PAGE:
I would likewise be disturbed by hearing or encountering very little of traditional nusach, either nusach qua nusach or nusach in terms of traditional text. I think the question all of us should rightly be wrestling with is the one of balance. But even in Renewal there is a tyranny of the printed page of the machzor, "you've got to do this, this, and this," and surprisingly to me, it stifles a bit of the real creative spirit. Particularly on a day when everybody is willing to allocate and really give, or be ready to share, so much of their time together in community ritual time/space, I believe that we serve ourselves well by being ready to look a little substantially outside the box as well as deepening our connction to the elements in the box.

- when do we allow the power of something to be what it is, unto itself; and when do we tweak and twirl, or even give a kavanah to set the stage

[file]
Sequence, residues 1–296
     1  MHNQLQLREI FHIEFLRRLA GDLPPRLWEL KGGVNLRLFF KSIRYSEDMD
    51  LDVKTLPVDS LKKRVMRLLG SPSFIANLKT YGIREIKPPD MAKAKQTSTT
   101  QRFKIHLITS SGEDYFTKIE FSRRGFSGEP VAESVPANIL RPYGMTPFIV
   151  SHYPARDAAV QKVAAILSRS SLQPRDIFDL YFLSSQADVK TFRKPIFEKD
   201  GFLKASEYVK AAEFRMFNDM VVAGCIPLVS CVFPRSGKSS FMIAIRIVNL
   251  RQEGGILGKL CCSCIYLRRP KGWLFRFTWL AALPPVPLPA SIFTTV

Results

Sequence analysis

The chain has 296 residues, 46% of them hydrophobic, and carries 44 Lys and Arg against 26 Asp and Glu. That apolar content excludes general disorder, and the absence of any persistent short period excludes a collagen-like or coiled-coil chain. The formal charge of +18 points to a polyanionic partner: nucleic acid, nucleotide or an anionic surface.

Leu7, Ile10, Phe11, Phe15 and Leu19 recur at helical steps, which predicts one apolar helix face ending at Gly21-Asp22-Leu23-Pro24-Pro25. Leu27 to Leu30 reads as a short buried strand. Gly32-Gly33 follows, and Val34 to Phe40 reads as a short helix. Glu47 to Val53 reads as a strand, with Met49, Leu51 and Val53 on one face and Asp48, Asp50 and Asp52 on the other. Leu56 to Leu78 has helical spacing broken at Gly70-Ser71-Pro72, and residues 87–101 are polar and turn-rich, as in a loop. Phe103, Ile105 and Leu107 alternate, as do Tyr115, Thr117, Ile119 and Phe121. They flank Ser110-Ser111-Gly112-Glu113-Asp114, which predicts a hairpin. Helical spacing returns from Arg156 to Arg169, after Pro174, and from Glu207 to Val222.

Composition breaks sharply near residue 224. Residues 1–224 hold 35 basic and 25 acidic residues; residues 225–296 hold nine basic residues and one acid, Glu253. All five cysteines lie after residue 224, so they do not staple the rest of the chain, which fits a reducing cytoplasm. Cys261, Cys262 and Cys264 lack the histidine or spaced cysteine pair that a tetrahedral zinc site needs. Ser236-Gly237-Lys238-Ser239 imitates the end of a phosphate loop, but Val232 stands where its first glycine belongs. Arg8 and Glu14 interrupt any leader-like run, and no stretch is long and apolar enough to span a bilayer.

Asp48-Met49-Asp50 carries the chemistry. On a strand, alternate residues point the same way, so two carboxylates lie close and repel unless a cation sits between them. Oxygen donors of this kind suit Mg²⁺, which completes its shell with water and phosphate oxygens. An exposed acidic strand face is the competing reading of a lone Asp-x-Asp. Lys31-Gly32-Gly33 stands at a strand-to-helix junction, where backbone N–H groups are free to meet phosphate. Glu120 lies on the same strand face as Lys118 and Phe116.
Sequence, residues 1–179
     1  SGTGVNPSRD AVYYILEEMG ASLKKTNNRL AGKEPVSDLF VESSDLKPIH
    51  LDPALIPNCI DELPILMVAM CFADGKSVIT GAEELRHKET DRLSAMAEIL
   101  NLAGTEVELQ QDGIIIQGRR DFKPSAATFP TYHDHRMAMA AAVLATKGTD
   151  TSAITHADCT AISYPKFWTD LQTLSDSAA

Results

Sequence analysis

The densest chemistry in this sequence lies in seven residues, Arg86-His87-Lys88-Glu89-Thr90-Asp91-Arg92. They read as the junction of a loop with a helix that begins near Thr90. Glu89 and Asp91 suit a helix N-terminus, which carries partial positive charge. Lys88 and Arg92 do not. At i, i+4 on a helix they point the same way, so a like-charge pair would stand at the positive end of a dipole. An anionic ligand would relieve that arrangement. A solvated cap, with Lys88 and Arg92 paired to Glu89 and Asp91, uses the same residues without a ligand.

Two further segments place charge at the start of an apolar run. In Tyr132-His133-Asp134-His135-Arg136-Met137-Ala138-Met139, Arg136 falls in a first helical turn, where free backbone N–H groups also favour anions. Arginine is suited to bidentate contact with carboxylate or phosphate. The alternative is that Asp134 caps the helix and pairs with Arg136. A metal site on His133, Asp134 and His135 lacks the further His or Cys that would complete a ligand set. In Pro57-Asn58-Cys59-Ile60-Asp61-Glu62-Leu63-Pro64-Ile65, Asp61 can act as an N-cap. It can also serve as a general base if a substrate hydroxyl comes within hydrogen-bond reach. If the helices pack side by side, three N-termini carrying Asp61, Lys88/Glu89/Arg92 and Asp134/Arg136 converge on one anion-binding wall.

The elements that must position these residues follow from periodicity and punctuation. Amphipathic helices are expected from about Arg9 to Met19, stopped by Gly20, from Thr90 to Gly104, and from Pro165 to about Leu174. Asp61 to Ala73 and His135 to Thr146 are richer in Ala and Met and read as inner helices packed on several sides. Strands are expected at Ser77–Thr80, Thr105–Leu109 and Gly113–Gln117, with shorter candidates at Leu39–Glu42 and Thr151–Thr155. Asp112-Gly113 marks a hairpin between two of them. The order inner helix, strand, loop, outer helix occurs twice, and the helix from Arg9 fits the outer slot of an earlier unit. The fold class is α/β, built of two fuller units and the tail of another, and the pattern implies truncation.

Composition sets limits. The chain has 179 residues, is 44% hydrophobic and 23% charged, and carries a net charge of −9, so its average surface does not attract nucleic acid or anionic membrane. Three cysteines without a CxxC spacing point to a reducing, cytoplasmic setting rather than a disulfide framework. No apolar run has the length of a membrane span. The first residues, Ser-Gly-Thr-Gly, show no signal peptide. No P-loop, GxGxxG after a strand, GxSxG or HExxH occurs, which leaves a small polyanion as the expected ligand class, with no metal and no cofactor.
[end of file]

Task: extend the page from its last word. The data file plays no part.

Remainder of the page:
We have alternative texts, niggunim, which I see as adornments, hiddur mitzvah, ways of beautifying the traditional machzor. And we have the capacity to sit down and start from scratch. It's a freedom that I urge us to give ourselves. As we see, our friends in the Reform movement have grasped it bravely.

Turning now to the pieces of Y"K that we've not looked at together.

We've talked about K"N and vidui, which are 2 core elements.

*d'var tefilah on ya'aleh - Cynthia*

Ya'aleh tachanuneinu is a piyut whose author is unknown. It's modeled on Lev 23:32, likens Y"K to Shabbat - a sabbath of complete rest for you, etc. "At evening from evening to evening."

Each stanza has 3 tropes: that our prayers arrive to God at nightfall, that they come before God at morning, and that they appear to God at nightfall at the end of neilah.

The purpose of slichot in general and this piyyut in particular is to seek God's forgiveness. So at the point when we would ordinarily be packing up to head home, tonight we add the service of slichot which we have been saying daily since R"H.